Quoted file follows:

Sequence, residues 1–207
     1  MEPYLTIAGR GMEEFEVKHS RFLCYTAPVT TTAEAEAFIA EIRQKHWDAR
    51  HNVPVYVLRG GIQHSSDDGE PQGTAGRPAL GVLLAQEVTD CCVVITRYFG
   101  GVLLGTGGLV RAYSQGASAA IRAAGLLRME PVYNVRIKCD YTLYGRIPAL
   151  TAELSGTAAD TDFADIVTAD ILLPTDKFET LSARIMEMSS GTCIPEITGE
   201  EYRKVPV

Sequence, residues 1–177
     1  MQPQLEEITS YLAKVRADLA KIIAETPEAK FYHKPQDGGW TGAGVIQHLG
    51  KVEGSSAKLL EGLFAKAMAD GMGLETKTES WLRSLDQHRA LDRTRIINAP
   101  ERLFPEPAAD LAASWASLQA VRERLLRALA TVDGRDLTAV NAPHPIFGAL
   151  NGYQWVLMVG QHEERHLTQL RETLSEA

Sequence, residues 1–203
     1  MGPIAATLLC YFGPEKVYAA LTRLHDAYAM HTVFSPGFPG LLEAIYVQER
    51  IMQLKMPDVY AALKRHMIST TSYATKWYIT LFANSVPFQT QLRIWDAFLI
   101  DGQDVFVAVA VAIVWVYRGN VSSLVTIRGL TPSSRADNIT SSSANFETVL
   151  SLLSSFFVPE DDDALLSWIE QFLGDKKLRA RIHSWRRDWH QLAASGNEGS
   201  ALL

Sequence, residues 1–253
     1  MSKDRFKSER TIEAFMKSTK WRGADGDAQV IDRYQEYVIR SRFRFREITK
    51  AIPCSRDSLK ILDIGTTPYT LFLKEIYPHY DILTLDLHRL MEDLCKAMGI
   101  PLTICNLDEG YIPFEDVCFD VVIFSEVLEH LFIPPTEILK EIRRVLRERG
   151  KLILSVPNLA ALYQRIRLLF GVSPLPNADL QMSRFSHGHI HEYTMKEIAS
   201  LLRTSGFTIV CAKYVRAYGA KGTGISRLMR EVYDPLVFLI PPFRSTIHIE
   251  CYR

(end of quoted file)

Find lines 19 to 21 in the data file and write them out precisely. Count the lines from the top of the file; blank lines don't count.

     1  MSKDRFKSER TIEAFMKSTK WRGADGDAQV IDRYQEYVIR SRFRFREITK
    51  AIPCSRDSLK ILDIGTTPYT LFLKEIYPHY DILTLDLHRL MEDLCKAMGI
   101  PLTICNLDEG YIPFEDVCFD VVIFSEVLEH LFIPPTEILK EIRRVLRERG